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PIC-based quantum sensors to assess climate change from orbit

Photonic integrated circuits (PICs) are being developed to detect small variations in Earth’s gravity from space as part of ongoing environmental monitoring efforts.

As the climate of our planet shifts – with temperatures changing, the ice caps melting and sea levels rising – so too do the gravitational forces around Earth and in outer space. 

Atoms orbiting the Earth can react to such gravitational changes, and so by measuring those reactions, it is possible to obtain readings of important climate factors: sea level rise, rate of ice melt, changes in land water resources and ocean heat storage changes, etc.

In order to detect such minute gravitational changes, a collaboration of researchers are developing new, miniaturised quantum sensing technologies that can be deployed in space.

The work is being done as part of NASA’s newly funded Quantum Pathways Institute, led by the University of Texas at Austin. The institute, which will receive $15 million over the next five years, also includes researchers from University of California Santa Barbara, University of Colorado Boulder, the California Institute of Technology and the US National Institute for Standards and Technology (NIST).

The challenge for the Institute is two-fold. Firstly, it must develop and miniaturise new quantum sensing technologies. “In order to do this, we have to take the lasers and photonics and modulators and control electronics that make up 90% of the atom experiments here on Earth, and work really hard to get all that precision onto small, low-power chips that can be deployed in space,” said Daniel Blumenthal, a UC Santa Barbara professor of electrical and computer engineering, whose expertise lies in quantum photonic integration, optical and communications technologies. He will be working on developing the PICs for the compact chips designed to measure small variations in Earth’s gravity from space. This will involve moving a shaken lattice interferometer structure developed at the University of Colorado down to the chip scale. This type of atomic interferometer sensor uses many lasers and optics to cool and trap the atoms to measure gravity gradients with extremely high sensitivity.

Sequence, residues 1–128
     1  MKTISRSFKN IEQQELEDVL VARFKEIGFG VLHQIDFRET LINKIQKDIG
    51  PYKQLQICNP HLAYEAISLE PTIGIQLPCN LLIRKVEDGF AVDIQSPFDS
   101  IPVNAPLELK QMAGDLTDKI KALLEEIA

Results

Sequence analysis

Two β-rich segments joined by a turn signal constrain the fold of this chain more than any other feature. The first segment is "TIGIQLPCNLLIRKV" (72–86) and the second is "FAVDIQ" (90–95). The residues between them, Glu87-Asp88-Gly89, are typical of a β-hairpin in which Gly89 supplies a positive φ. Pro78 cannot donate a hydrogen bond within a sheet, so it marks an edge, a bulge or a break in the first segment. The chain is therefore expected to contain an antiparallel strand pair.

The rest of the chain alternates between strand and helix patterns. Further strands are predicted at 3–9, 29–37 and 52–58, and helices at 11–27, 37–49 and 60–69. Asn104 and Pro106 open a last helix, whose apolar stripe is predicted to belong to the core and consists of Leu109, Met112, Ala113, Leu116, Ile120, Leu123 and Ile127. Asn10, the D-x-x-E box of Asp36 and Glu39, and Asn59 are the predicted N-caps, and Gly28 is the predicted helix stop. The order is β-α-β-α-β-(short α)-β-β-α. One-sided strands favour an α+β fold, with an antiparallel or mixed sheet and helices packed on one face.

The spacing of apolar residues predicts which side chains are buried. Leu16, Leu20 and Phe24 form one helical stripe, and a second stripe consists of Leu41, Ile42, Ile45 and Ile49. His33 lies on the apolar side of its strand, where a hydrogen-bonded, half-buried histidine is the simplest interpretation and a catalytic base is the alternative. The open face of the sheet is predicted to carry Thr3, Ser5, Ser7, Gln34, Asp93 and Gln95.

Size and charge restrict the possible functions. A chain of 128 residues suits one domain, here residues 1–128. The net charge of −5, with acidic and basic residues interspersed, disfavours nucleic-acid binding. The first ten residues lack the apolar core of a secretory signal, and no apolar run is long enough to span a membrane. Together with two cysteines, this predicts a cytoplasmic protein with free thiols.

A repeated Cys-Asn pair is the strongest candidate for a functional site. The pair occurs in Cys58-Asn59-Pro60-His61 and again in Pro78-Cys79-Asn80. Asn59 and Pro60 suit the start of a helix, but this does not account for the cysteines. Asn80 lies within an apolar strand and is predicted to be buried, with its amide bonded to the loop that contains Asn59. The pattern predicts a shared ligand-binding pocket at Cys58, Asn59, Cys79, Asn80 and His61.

Secondly, the institute must then make the new sensing technology resistant to the extreme environment of space.

“You can't have manual maintenance in space – once you send something out, it's out of reach; you cannot see it,” said Srinivas Bettadpur, leader of the new project and director of the Center for Space Research at UT Austin. “You have to put in a great deal of work to make sure the instrument will fly and the technology will function for several years, at least, to enable the discoveries.” As part of this work, Ufuk Topcu, an associate professor at UT Austin’s Department of Aerospace Engineering and Engineering Mechanics, will develop models for quantum sensing systems that can be used to improve their reliability and autonomous operation – both of which are key requirements for space-based technologies.

Beyond gravitational sensing to assess Earth’s climate, Blumenthal sees the space-based technology under development eventually being deployed for other, Earth-based applications, as well as for future space exploration purposes.

“It could be on the Space Station, or geostationary satellites,” he said. “Or they could be sent to Jupiter or Venus or Mars to map out the gravity of those planets.”

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